- Janet Baker (4:04). Nice relaxed tempo. Baker is magnificent and the oboists are right with her at all times. With wonderful choral entries, I prefer this to #4, mainly because of Baker.
LXXI. Und von der sechsten Stunde an (Now from the sixth hour) (Recitative Evangelist, Jesus) / Der rufet dem Elias (He calleth for Elias) (Chorus I) / Und bald lief einer unter ihnen (And straightway one of them ran) (Recitative: Evangaelist) / Halt, laß sehen (Let be, let us see) (Chorus II) / Aber Jesus schriee abermal laut (Jesus, when He had cried again with a loud voice) (Recitative: Evangelist)
LXXII. Wenn ich einmal soll scheiden (Be near me, Lord, when dying) (Chorale Melody #3E)
LXXIII. Und siehe da, der Vorhang (And behold, the veil of the temple) (Recitative: Evangelist) / Wahrlich, dieser ist Gottes Sohn gewesen (Truly, this was the Son of God) (Chorus I, II) / Und es waren viel Weiber da (And many women were there) (Recitative: Evangelist)
LXXIV. Am Abend, da es kühle war (At evening, hour of calm and peace) (Recitative: Bass)
LXXV. Mache dich, mein Herze, rein (Make thee clean, my heart, from sin) (Aria: Bass)
This final aria is packed with references to earlier music. For example, the 12/8 meter recalls the opening movement, and the general feeling is one of both repressed agony as well as a kind of peaceful understanding and acceptance. Bach injects the Bb Major tonality with plenty of A’s -- the Major 7th of the key -- which makes for a very “happy” or “peaceful” feeling.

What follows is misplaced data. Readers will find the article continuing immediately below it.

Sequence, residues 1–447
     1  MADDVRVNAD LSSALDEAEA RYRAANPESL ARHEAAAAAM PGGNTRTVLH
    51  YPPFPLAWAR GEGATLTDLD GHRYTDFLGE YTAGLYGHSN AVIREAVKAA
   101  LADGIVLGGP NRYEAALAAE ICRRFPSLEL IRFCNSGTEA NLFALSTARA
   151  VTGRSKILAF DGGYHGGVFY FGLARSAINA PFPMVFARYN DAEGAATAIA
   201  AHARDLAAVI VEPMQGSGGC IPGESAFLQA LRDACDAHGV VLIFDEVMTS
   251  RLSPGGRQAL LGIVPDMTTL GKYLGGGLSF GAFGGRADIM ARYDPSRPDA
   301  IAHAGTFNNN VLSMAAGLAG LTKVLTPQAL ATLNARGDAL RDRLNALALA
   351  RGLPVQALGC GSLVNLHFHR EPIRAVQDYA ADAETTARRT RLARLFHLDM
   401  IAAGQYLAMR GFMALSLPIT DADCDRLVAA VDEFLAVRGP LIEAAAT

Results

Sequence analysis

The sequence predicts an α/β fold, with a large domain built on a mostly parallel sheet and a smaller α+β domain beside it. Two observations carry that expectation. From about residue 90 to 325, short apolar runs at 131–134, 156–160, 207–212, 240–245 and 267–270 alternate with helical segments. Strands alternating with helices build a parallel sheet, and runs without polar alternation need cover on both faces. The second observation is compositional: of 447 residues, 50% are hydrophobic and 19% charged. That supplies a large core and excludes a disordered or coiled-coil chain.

- Cornelius Hauptmann (5:57). Wonderful. Not Fischer-Dieskau, however!
- Karl Ridderbusch (6:56). Great. Warm and tender. Solid performance. Not Fischer-Dieskau, however!
- Peter Harvey (5:51). Fastest version. I just don't like the way that Harvey lands on a long, held note and gets all "operatic" on us, with ridiculous crescendi and decrescendi which seem, to me, completely out of place here. Definitely not Fischer-Dieskau!
- Dietrich Fischer-Dieskau (7:09). Must be careful not to get tears on score. Something to listen for: oboe da caccia and violin cascading 16th notes decorating the vocal line ...
- Marti Salminen (7:23). Stately, wondrous, detailed, great dynamic contrast. Absolutely fantastic. The only problem: not Fischer-Dieskau.
LXXVI. Und Joseph nahm den Leib (And when Joseph had taken the body) (Recitative: Evangelist) / Herr, wir haben gedacht (Sir, we remember that that deceiver said) (Chorus I, II) / Pilatus sprach zu ihnen (Pilate said unto them) (Recitative: Evangelist, Pilate)
LXXVII. Nun ist der Herr zur Ruh’ gebracht (And now the Lord to rest is laid) (Recitative: Bass, Tenor, Alto, Soprano, Chorus I, II)
A chilling moment of unsurpassed genius. Each soloist takes a turn (the girls get more notes than the boys: the Bass has eight notes; the Tenor 12; the Alto 28; the Soprano 22) and is -- as previously -- “interrupted” by the chorus, which sings Mein Jesu, gute Nacht! (“Lord Jesus, fare Thee well!”)
I don’t know about you, but wishing Jesus “good night” here -- to my way of thinking -- requires a nice slow, easy approach -- like the way RICHTER does it, for example! Compare and contrast, if you will:
- Gardiner (1:37) I love the mix here and throughout this wonderful recording. You can hear everything clearly and distinctly. I just think he says "good night" too quickly ...
- Harnoncourt (1:45). Ditto.
- McCreesh (1:46). Ditto and way too ... yeah, you got it -- "operatic" ...
- Richter '58 (2:31). Magic.
- Richter '79 (2:56). This is the way to say "good night." I wish to combine this tempo and delicate nature with the vocal stylings of #1 or #2 -- i.e., less vibrato.
LXXVIII. Wir setzen uns mit Tränen nieder (In tears of grief, dear Lord, we leave Thee) (Chorus I, II)
C Minor, ¾. Almost an anticlimax after the intensity of the “goodnights“!